Oleg Orlov is chairman of Memorial, one of Russia’s oldest human rights groups.

"Offices are drowning in a huge amount of paperwork from dozens of organizations. How organizations are supposed to deal with the bureaucracy? I believe that the outcome of the searches is pre-determined, and the NGOs will be labeled foreign agents by the government," said Orlov.

If found guilty of being a foreign agent, organizations face criminal fines, among other things.

Pavel Chikov is a member of Russia’s Presidential Council on Human Rights.

"The inspections are either completely unprofessional, or their goal is to paralyze the NGOs for a little while and scare them," said Chikov.

Organizations like Human Rights Watch and Amnesty International have faced the most pressure and inspections, but other groups, including those promoting bird watching and offering French lessons, have also been targeted.

Chikov says that agencies with no connection to the foreign NGO law, including the fire, labor and health departments, have joined in to harass the organizations.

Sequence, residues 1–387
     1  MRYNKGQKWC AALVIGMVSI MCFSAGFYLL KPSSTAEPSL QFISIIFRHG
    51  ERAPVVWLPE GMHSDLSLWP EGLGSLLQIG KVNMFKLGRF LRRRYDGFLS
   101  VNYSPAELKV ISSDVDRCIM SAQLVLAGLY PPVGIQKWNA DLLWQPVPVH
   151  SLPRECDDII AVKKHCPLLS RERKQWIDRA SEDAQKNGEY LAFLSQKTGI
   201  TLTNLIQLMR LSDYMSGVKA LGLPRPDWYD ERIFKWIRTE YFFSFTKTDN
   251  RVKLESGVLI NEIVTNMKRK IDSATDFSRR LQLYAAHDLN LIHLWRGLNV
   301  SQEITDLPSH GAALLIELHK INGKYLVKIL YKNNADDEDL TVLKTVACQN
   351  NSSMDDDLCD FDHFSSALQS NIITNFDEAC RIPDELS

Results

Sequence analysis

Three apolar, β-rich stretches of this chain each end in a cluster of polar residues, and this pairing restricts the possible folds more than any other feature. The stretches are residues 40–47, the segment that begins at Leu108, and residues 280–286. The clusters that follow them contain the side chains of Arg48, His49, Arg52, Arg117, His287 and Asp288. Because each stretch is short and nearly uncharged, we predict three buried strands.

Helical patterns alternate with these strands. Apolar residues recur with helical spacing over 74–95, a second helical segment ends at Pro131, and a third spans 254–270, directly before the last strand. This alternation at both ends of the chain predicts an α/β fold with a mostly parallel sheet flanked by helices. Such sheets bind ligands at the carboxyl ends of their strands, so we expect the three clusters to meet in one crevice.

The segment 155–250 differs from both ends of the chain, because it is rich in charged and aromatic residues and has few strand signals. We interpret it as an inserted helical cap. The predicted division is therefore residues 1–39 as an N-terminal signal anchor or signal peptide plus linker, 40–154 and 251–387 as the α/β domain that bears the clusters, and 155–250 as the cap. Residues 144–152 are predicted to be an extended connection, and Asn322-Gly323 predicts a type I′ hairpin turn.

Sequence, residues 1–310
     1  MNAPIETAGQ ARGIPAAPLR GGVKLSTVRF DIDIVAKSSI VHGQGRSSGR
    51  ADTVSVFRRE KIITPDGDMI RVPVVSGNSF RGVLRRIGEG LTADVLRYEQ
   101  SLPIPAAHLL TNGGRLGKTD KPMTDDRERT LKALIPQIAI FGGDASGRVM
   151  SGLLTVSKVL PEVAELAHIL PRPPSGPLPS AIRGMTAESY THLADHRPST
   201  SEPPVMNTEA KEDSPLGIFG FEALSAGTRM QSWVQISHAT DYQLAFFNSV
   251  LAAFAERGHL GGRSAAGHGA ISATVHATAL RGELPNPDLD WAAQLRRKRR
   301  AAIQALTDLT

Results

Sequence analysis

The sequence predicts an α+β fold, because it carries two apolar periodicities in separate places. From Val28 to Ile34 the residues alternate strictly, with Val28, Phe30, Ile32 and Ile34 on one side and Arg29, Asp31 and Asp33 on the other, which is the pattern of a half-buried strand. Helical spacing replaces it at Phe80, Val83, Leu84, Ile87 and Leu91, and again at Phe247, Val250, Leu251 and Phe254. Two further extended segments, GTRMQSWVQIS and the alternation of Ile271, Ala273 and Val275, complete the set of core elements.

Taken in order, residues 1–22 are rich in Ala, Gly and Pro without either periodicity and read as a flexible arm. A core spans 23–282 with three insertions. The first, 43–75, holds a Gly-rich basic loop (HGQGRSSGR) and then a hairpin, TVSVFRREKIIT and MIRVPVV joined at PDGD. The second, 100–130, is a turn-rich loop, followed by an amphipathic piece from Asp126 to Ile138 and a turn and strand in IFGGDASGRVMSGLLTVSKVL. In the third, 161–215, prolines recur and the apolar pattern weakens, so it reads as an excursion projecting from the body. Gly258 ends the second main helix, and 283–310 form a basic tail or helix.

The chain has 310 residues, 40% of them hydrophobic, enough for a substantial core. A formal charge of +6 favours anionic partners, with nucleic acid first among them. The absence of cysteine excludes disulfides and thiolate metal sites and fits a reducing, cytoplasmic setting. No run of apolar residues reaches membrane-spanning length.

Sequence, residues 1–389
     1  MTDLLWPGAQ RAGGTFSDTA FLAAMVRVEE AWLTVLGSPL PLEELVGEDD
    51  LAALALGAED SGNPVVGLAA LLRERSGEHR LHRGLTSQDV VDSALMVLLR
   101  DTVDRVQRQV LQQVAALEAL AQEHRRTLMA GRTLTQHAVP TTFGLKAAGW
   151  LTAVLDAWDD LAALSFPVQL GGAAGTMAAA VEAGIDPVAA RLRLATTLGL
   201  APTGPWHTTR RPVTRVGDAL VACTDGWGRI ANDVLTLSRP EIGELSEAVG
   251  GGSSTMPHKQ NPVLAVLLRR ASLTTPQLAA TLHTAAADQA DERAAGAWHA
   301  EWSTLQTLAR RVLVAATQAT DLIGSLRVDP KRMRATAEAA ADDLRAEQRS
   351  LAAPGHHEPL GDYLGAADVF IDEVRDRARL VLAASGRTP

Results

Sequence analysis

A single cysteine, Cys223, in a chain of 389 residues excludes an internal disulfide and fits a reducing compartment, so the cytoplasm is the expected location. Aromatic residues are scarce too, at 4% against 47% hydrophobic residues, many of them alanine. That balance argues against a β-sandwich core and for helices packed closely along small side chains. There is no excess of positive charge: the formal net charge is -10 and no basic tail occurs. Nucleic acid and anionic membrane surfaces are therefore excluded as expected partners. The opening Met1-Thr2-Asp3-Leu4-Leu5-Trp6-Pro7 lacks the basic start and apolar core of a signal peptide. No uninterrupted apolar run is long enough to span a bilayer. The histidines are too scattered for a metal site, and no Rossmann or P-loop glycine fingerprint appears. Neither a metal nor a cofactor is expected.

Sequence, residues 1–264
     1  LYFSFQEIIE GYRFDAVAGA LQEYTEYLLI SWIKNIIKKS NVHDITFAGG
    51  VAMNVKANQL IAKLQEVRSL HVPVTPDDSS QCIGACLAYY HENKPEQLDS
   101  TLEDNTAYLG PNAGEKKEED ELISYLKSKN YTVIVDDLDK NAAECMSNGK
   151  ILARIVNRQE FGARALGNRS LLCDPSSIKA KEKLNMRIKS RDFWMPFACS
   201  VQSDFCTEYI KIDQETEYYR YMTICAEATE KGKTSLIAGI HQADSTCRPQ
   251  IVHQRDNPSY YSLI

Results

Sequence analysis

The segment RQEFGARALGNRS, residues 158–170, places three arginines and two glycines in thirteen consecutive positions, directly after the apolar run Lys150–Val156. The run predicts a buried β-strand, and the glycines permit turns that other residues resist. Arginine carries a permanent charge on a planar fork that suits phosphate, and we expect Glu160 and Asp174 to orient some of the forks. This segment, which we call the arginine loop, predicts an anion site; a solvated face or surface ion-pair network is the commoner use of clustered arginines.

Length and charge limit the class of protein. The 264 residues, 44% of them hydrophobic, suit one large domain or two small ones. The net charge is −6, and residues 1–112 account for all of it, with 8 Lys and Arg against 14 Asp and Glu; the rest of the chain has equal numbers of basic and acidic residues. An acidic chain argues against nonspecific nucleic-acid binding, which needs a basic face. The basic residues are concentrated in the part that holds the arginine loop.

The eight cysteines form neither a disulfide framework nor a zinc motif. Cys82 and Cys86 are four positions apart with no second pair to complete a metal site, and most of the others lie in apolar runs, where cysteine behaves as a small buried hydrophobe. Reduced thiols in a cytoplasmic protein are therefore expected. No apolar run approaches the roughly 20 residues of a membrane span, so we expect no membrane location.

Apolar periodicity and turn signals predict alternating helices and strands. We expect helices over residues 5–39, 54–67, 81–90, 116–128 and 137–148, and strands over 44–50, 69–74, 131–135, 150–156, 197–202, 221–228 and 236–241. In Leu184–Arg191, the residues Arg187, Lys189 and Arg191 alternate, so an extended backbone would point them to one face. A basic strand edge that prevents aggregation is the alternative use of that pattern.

The Kremlin maintains it is merely trying to enforce the law.

You May Like

Could Nemtsov Threaten Putin in Death as in Life?

Dynamic and debonair opposition leader had supported liberal economic reforms, criticized Russian president's aggression in Ukraine More

Oil Smuggling Highlights Challenges in Shutting Down IS Finances

Pentagon spokesman says Islamic State 'certainly continues to get revenue from the oil industry black market' but that airstrikes have made a dent More

India Focuses on Infrastructure, Investment to Propel Economy

Government expects economy to grow at 8 to 8.5 percent in next fiscal year More

This forum has been closed.
Comment Sorting
Comments
     
by: Gennady from: Russia, Volga Region
March 29, 2013 9:35 PM